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Students hang purple vulva from The Arch in PUSSYGATE

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Students hang purple vulva from The Arch in PUSSYGATE

Student organizers hung a purple inflatable vulva at The Arch Friday afternoon. Spectators crowded around the piece, entitled PUSSYGATE.

Student organizers hung a purple inflatable vulva at The Arch Friday afternoon. Spectators crowded around the piece, entitled PUSSYGATE.

Lauren Duquette/Daily Senior Staffer

Student organizers hung a purple inflatable vulva at The Arch Friday afternoon. Spectators crowded around the piece, entitled PUSSYGATE.

Lauren Duquette/Daily Senior Staffer

Lauren Duquette/Daily Senior Staffer

Student organizers hung a purple inflatable vulva at The Arch Friday afternoon. Spectators crowded around the piece, entitled PUSSYGATE.

Kelli Nguyen, Assistant Campus Editor

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Hundreds of students marched through a 20-foot-tall inflatable vulva at The Arch on Friday afternoon following the unveiling of PUSSYGATE.

Student organizers hung the purple vulva from The Arch for students and community members to interact with. Spectators watched, took photos with and walked through the open vulva, which hung on display for more than two hours.

Organizers said they wanted students to form their own interpretations of the piece and declined further comment on PUSSYGATE.

For many students, PUSSYGATE served as a statement about the perception of vulvas in society.

“Vulvas carry a lot of shame in our society,” Weinberg senior Ary Hansen said. “It’s a statement about equality and about pussy pride.”

Hansen added that placing a subject typically discussed privately into a public space was a way of bringing the topic into people’s discussions. Students viewed PUSSYGATE as both a conversation starter and homage to vulvas.

Communication junior Maggie Monahan called PUSSYGATE a symbolic representation of the vulva’s “essential and beautiful nature.”

“It’s just a celebration of the pussy,” Monahan said. “We need to stop enshrining phallic symbols as supposedly the most beautiful things at our elite academic institutions, but I also think that the pussy is at the core of everything that’s good in the world.”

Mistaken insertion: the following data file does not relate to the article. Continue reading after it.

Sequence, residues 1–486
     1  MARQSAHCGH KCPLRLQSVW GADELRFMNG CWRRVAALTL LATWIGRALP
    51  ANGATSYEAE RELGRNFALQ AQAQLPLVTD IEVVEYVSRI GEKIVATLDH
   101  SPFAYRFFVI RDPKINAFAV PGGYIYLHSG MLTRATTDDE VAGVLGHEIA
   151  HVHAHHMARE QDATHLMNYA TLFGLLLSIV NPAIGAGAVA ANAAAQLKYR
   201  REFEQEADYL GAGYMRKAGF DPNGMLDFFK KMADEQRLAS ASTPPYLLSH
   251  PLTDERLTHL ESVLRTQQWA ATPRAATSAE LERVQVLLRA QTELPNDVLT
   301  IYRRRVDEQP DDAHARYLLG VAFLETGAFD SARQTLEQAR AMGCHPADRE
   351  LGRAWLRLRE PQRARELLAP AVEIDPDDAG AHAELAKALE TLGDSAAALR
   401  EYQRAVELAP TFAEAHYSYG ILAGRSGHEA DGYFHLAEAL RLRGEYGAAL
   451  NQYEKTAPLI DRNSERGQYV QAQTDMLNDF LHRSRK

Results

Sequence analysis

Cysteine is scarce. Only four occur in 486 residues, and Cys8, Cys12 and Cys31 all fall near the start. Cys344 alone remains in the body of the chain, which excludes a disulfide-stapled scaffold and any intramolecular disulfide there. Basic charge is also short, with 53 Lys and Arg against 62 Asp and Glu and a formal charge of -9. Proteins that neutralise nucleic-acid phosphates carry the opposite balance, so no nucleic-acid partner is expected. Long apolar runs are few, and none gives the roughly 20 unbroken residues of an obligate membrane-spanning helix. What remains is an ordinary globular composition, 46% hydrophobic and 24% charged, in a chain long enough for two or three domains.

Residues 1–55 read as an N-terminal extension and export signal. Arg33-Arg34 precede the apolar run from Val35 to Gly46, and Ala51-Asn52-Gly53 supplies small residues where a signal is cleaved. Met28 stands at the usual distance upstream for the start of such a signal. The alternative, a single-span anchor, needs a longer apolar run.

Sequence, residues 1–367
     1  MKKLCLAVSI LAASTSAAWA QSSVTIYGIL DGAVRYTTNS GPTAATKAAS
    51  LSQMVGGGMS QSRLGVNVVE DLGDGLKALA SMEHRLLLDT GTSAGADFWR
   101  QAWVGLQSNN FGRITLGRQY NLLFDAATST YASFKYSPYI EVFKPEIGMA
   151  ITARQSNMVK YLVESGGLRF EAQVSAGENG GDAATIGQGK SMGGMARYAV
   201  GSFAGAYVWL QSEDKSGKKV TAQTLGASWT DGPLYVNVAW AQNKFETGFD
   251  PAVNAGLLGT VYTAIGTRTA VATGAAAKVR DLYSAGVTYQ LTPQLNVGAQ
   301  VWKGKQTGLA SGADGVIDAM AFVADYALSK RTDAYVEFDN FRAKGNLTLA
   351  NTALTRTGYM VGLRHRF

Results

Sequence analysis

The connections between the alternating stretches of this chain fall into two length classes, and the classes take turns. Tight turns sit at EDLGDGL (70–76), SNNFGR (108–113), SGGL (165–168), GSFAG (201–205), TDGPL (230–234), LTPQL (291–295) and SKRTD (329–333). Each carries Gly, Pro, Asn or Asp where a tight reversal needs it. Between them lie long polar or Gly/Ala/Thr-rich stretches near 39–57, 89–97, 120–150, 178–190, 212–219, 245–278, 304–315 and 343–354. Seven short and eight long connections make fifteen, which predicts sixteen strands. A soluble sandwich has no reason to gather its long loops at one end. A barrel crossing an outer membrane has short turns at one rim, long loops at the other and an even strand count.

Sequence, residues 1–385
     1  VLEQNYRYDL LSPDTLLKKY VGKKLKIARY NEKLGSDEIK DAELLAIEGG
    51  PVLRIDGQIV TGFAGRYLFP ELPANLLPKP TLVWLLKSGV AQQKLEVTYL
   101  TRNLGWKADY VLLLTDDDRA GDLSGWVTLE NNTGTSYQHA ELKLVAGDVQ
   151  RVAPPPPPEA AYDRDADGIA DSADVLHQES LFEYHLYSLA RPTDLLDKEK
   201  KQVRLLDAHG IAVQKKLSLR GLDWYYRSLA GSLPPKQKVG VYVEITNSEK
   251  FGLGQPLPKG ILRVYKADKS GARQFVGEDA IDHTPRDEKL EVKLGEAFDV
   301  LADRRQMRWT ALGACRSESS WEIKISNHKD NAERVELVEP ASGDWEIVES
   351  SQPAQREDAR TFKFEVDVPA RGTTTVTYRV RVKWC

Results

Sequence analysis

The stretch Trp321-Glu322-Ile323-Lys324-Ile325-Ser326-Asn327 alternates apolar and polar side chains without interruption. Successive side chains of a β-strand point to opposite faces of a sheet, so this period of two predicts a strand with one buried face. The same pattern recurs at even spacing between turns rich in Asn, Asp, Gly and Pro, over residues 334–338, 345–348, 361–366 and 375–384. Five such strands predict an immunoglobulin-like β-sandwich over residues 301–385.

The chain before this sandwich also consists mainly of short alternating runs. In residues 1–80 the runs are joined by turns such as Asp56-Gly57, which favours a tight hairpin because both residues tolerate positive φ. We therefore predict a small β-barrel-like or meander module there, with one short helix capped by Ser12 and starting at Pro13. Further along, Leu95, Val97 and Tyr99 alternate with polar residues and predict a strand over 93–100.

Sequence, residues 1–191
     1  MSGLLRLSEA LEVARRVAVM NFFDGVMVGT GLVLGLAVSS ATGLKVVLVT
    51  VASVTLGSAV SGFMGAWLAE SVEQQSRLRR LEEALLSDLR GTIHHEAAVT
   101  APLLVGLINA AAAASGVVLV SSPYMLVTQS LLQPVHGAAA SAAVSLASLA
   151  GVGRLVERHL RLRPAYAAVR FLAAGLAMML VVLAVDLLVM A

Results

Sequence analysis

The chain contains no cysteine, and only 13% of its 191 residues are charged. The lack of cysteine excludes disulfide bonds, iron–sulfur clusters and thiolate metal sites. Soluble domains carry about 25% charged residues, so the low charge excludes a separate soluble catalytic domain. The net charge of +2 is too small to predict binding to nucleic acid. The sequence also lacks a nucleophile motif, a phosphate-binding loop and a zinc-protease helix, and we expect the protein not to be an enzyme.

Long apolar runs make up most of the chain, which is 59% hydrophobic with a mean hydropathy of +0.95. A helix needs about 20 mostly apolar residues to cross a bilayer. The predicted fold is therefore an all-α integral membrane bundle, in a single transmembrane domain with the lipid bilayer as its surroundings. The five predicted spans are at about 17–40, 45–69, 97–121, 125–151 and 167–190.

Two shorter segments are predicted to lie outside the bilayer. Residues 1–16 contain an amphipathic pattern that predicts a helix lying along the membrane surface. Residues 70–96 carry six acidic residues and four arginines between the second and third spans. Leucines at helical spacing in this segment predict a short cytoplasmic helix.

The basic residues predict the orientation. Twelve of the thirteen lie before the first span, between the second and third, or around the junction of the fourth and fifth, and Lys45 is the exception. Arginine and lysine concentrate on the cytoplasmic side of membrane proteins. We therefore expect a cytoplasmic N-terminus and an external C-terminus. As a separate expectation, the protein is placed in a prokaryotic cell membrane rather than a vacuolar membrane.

Communication sophomore Julianne Lang said she interpreted PUSSYGATE as a symbol of the rebirth of Northwestern students. She compared marching through The Arch to re-entering the womb and said graduating and marching out through The Arch is like a rebirth into the real world.

“We’re being formed while we’re in Northwestern,” Lang said. “(Then) we are birthed into the world.”

Some students said that upon first glance, unexpecting spectators might not recognize the vulva in PUSSYGATE. Medill sophomore Florence Fu said if she had not known beforehand what PUSSYGATE was about, she might not be able to tell that the purple display was a vulva.

Alex Gedye, a McCormick graduate student, said he did not understand the point of PUSSYGATE.

“It’s some balloons that vaguely look like a vulva,” Gedye said. “I have no idea why it’s there. If people are trying to make some sort of statement, I have no idea what it is.”

Many students, however, said they were still thrilled with PUSSYGATE. Monahan said she sees a lot of institutionalized misogyny at institutions like NU, and she’s glad students are rejecting that culture “with passion.”

Communication freshman Cammy Harris said she appreciated the fact that PUSSYGATE increased the visibility of vulvas and celebrated them in a nonsexual way. She added that it was a step in the right direction in changing the culture around vulvas.

“We’re celebrating the community of pussy owners here on campus and decreasing the innately sexual nature of it and embracing it as more of a wonder part of life,” Harris said. “I could not be more happy with this rounding out my first year here at Northwestern.”

Email: kellinguyen2019@u.northwestern.edu
Twitter: @kellipnguyen

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